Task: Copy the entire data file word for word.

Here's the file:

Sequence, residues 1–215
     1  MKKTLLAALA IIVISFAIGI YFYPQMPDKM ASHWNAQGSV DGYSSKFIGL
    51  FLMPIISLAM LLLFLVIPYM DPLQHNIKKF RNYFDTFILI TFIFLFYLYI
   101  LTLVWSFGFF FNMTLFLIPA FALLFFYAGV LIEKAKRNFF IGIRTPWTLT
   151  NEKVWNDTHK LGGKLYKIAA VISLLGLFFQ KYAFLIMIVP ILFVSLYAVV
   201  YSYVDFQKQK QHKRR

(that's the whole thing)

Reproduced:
Sequence, residues 1–215
     1  MKKTLLAALA IIVISFAIGI YFYPQMPDKM ASHWNAQGSV DGYSSKFIGL
    51  FLMPIISLAM LLLFLVIPYM DPLQHNIKKF RNYFDTFILI TFIFLFYLYI
   101  LTLVWSFGFF FNMTLFLIPA FALLFFYAGV LIEKAKRNFF IGIRTPWTLT
   151  NEKVWNDTHK LGGKLYKIAA VISLLGLFFQ KYAFLIMIVP ILFVSLYAVV
   201  YSYVDFQKQK QHKRR